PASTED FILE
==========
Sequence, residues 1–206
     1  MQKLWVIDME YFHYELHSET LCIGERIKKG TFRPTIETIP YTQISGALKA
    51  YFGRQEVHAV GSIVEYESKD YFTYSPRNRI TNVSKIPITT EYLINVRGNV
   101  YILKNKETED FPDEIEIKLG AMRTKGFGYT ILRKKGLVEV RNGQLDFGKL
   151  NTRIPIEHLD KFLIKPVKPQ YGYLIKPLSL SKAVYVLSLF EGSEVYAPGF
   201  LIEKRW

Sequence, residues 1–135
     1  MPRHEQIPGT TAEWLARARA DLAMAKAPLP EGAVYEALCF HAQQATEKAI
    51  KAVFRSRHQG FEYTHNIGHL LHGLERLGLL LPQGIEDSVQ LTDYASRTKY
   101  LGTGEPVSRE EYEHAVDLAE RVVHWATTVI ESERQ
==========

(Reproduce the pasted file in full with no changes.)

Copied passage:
Sequence, residues 1–206
     1  MQKLWVIDME YFHYELHSET LCIGERIKKG TFRPTIETIP YTQISGALKA
    51  YFGRQEVHAV GSIVEYESKD YFTYSPRNRI TNVSKIPITT EYLINVRGNV
   101  YILKNKETED FPDEIEIKLG AMRTKGFGYT ILRKKGLVEV RNGQLDFGKL
   151  NTRIPIEHLD KFLIKPVKPQ YGYLIKPLSL SKAVYVLSLF EGSEVYAPGF
   201  LIEKRW

Sequence, residues 1–135
     1  MPRHEQIPGT TAEWLARARA DLAMAKAPLP EGAVYEALCF HAQQATEKAI
    51  KAVFRSRHQG FEYTHNIGHL LHGLERLGLL LPQGIEDSVQ LTDYASRTKY
   101  LGTGEPVSRE EYEHAVDLAE RVVHWATTVI ESERQ